Journal-Times (Grayson, KY)

Columns

January 5, 2011

Age is a state of mind

(Continued)

Jan. 5, 2011 —

If so, you will look and act in a manner far in excess of your biological age. But if life is a joy, and each day a gift filled with opportunity, you will radiate youth regardless of your biological age.

A sense of humor is vital for smoothing life's bumps, potholes, and obstacles. Laughing when things look grim lets you weather storms without looking haggard. Laughter induces your body to produce beneficial chemicals and hormones.

With laughter, situations appear brighter and surmountable. Smiling and laughing generates a magnetic energy that counteracts the effects of biological aging.

Pattern yourself after children. They instinctively look at their world with a sense of wonder. Why should you lose this as you get older? Can anyone actually claim the mysteries of youth are ever understood?

If anything, your sensation of astonishment should grow with age as you realize how incredible the universe is. For an example, you need look no farther than the incredible marvel of your own body. Conversely, acceptance of things as commonplace and boring has a dampening effect on your spirit.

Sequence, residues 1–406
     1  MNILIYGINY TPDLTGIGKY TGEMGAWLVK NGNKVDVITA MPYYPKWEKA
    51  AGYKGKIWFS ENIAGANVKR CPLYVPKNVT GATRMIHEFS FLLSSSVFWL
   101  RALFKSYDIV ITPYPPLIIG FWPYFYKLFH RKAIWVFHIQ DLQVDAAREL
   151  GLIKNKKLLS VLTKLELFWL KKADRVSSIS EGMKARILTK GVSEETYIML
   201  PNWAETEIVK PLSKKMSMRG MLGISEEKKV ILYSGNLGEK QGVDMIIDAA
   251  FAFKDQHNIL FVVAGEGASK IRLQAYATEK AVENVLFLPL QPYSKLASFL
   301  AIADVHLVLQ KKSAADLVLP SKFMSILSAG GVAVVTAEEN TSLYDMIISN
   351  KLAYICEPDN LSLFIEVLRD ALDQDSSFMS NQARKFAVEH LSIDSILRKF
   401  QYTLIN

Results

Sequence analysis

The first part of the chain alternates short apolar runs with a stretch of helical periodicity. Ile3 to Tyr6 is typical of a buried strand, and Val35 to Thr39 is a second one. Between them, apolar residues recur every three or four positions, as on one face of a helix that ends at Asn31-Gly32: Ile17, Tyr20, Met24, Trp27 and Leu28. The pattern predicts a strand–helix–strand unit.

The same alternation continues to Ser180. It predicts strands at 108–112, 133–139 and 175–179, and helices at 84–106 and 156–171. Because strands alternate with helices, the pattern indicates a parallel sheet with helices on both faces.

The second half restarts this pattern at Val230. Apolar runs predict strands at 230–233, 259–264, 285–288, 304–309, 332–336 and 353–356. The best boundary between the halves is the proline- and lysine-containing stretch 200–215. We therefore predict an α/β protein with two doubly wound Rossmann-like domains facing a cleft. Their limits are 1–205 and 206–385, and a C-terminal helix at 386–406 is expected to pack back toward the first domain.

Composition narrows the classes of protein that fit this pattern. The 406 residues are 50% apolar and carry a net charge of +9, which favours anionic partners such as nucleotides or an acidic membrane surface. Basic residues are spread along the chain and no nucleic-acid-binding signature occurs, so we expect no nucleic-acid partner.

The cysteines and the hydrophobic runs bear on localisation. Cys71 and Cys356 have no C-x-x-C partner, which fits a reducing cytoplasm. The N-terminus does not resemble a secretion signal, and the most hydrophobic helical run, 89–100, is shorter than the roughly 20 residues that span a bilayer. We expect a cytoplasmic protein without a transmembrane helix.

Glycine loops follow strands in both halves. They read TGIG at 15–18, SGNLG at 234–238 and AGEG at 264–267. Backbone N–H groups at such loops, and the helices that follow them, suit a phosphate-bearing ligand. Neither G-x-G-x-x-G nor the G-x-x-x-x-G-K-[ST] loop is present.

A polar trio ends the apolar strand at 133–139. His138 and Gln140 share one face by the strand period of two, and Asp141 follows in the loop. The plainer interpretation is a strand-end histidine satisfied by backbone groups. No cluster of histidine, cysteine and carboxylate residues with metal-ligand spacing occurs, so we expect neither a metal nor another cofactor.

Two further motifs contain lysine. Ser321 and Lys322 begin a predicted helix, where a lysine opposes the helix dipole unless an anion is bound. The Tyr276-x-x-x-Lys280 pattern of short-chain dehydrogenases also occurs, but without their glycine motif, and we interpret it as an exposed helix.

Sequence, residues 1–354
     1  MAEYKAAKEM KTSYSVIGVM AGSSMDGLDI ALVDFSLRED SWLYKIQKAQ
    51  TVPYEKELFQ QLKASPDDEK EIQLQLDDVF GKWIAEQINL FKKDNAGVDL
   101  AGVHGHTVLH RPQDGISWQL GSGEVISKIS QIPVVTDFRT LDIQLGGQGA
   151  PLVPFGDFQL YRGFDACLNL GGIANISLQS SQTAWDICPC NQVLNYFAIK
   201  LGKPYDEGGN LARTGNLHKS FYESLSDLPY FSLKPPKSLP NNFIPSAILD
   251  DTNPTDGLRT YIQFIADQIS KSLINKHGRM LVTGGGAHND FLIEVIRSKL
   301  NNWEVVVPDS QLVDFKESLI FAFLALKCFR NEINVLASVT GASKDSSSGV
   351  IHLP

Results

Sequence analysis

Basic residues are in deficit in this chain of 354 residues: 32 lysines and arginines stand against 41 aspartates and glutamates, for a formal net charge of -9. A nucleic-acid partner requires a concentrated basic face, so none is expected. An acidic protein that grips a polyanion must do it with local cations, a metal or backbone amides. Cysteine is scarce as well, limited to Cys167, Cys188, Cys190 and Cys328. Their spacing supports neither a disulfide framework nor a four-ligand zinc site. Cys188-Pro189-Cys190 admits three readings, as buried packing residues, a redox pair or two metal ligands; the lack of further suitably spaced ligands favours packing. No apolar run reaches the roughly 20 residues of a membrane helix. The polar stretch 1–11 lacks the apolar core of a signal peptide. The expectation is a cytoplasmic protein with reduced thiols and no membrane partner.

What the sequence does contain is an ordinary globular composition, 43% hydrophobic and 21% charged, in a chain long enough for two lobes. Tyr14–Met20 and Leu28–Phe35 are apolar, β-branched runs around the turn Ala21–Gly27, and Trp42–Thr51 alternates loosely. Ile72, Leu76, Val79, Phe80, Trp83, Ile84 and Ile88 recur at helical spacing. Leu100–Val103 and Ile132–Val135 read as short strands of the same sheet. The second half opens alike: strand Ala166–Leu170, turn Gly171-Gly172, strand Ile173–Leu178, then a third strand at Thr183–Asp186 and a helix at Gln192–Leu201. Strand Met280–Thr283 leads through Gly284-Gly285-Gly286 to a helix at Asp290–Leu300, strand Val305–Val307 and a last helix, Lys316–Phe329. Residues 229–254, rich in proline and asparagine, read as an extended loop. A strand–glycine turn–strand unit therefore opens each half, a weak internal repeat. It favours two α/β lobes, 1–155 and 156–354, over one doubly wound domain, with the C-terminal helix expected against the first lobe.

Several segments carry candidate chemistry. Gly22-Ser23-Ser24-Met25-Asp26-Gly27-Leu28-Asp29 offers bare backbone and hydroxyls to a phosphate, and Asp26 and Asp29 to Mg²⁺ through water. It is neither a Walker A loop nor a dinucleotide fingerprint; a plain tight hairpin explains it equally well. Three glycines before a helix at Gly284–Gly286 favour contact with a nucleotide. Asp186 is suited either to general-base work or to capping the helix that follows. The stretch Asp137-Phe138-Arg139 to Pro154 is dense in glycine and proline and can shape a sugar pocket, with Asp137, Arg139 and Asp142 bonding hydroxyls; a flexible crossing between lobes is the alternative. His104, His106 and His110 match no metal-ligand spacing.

Curiosity keeps your mind tuned and operating at peak performance. Curiosity motivates you to ask questions and seek answers. Curiosity is the basis for learning, which shouldn't end when you leave school. A mind that is always learning is a mind that stays young.

Taking care of and exercising your body as much as possible substantially contributes to reducing your functional age. When your body feels good, you feel good. The onset of many physical ailments typically associated with aging, can be delayed or eliminated through the proper care of your body. It's hard to feel young when your body feels old.

Being "young at heart" incorporates all of the above elements. Although your biological age increases yearly, there's no reason your functional age has to follow.

Bryan is the author of "Dare to Live Without Limits" and a self-development expert, syndicated columnist, and professor. E-mail Bryan at bryan@columnist.com.

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